Look at the reference to the latter, for example. There are plenty of "specific methods" being defined while fitting under the POST semantics. Some would have a problem with that, but I'm not sure what the alternative would be. There are "state replacement" methods under the PUT semantics if you prefer that. But some clients may prefer the more specific, precision state transfer of a POST method. Would you consider this heresy? Or would you stop and realize that Henrik was in the front row of the WS-REST workshop, and co-authored too many W3C notes and IETF RFC's to enumerate here?

I'll speak more about this problem with the "write side of the web" soon, but in short, we don't really have a good way of describing the pre-conditions, post-conditions and side-effects of a POST in a media type, which would be probably the more "RESTful" thing to do. Mark Baker took a stab at this 8 years ago, but there's hasn't been much pickup. In lieu of that, the simplest thing might be to make an engineering decision, slap a method name & documentation on the URI+POST interaction, and move on. You'd be no worse than a WSDL-based Web Service, with the added benefit of GET and URIs. Or, depending on your use case, it may mean crafting a full media type for your system, though I'm not sure that's "simple".

This dilemma is why I tend not to have a problem with description languages like WSDL 2.0 or WADL -- they're not complete, certainly, but they're a start to wrapping our heads around how to describe actions on the Web without breaking uniformity.

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The First Workshop on RESTful Design (WS-REST, hur hur) was held at WWW 2010 in Raleigh last week. I attended and was also on the program committee. It was great to finally meet a number of folks from rest-discuss and... Read More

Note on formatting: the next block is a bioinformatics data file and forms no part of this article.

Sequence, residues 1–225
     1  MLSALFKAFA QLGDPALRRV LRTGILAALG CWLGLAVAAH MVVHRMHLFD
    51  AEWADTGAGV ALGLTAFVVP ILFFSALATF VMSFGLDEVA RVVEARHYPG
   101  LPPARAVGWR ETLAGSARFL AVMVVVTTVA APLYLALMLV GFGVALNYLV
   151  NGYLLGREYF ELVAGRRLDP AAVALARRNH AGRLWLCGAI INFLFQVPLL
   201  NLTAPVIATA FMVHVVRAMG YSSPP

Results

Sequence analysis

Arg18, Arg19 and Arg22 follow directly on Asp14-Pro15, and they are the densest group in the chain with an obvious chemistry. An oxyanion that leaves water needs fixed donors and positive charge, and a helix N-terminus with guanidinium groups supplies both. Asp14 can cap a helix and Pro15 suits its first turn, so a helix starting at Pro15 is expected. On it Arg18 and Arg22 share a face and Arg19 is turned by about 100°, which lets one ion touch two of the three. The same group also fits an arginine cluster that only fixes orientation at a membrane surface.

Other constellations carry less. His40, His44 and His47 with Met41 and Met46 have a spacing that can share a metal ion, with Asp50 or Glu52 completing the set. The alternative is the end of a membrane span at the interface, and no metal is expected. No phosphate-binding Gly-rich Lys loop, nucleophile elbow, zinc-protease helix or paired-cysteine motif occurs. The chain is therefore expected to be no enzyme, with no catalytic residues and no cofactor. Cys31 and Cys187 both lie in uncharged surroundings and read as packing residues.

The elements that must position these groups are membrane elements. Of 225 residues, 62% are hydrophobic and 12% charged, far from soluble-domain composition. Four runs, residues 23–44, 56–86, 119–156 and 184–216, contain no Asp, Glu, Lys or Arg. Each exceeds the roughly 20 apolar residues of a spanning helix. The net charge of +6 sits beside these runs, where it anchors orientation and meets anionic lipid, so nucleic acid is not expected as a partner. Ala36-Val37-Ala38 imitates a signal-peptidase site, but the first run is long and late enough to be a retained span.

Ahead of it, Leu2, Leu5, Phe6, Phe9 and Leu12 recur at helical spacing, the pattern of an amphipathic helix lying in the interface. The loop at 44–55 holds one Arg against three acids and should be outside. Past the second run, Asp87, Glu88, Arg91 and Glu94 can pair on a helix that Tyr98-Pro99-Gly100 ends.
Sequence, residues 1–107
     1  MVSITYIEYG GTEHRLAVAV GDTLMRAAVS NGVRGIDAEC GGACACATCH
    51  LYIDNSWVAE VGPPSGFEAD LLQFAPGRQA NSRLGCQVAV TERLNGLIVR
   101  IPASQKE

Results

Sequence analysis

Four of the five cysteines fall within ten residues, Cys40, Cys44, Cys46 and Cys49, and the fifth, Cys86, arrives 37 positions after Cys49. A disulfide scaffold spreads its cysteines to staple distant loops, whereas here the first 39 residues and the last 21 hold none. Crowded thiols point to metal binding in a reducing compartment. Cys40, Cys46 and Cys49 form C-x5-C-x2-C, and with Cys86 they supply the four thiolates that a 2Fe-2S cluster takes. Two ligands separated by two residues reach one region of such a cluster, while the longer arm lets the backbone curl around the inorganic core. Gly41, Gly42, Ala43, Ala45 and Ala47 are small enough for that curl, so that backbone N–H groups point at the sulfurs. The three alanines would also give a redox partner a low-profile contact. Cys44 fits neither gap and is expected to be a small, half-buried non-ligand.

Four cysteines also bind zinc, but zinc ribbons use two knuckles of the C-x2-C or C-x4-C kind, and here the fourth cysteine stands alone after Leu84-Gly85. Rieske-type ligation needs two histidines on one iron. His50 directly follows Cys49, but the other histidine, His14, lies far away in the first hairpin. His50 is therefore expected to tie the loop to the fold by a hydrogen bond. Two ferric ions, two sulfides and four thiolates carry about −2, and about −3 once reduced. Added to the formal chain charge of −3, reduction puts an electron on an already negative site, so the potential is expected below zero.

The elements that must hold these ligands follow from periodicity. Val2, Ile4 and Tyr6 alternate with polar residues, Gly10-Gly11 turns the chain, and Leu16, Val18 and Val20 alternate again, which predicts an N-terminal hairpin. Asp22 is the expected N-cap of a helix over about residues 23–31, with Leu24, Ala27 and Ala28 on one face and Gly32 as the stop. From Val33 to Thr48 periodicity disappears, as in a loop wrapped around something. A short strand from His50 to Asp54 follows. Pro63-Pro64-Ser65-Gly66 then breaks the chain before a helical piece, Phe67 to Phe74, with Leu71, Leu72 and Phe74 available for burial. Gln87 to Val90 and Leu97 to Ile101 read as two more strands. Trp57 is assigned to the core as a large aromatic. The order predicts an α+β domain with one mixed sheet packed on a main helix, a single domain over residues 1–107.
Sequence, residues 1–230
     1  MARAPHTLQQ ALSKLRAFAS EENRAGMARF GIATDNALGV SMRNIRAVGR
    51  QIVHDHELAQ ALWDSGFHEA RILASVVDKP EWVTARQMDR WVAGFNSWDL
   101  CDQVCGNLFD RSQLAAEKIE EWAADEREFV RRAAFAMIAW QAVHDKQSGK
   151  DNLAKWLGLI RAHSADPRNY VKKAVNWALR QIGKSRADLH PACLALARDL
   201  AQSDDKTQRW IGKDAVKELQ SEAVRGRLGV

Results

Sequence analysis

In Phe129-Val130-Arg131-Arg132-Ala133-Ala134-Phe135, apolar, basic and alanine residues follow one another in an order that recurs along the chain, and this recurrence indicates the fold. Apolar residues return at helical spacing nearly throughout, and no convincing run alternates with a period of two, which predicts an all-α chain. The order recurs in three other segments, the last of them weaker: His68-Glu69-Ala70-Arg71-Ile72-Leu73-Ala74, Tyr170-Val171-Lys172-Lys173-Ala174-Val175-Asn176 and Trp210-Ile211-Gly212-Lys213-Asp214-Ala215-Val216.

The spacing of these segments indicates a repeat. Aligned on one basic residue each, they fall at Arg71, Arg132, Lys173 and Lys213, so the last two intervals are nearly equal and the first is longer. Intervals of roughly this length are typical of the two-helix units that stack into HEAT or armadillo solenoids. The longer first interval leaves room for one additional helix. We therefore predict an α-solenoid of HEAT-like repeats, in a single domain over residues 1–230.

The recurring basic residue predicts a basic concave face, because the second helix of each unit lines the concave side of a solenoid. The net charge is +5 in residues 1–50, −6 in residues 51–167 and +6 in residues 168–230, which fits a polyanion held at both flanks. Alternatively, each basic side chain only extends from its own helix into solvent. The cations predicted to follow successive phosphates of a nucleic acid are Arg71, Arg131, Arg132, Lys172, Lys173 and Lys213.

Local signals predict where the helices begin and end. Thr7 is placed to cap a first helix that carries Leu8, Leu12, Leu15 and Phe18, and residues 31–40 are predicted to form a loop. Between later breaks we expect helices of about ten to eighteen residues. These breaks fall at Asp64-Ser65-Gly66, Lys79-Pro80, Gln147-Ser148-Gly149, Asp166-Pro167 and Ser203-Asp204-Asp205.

4 Comments

Stu:

I find it quite disheatening to not find anything about versioning. In your discussions at WS-REST.

I also find quite disappointing that you are not talking in your summary about the concept of "Resource Lifecycle" that Savas, Jim and Ian finally got right (with the help of Guillermo).

When did I speak about resource lifecycle ? 2007? Yeap, 3 years wasted for nothing. Have you noticed the similarity of their language with WSPER?

Sad.

we, are !

I am just taking note about the integrity of the "REST community" in addressing holistically all the issue related to the space they are claiming. Not to mention the integrity of some members of the REST community to reference prior work, considering that I had a very long f2f discussion with Ian Robinson on the topic of Resource Lifecycles in January 2009. But what else to expect from the REST community?

I do like your comment on "dynamic binding" and what client developers have to do when things change on the server. Hilarious, actually. If you have a problem, just move the problem and let them solve it. LoL.

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About this Entry

This page contains a single entry by Stu published on May 7, 2010 8:25 AM.

WS-REST musings: Investment in REST (it's not where we might have expected) was the previous entry in this blog.

WS-REST Musings: Interoperability is Hard Work is the next entry in this blog.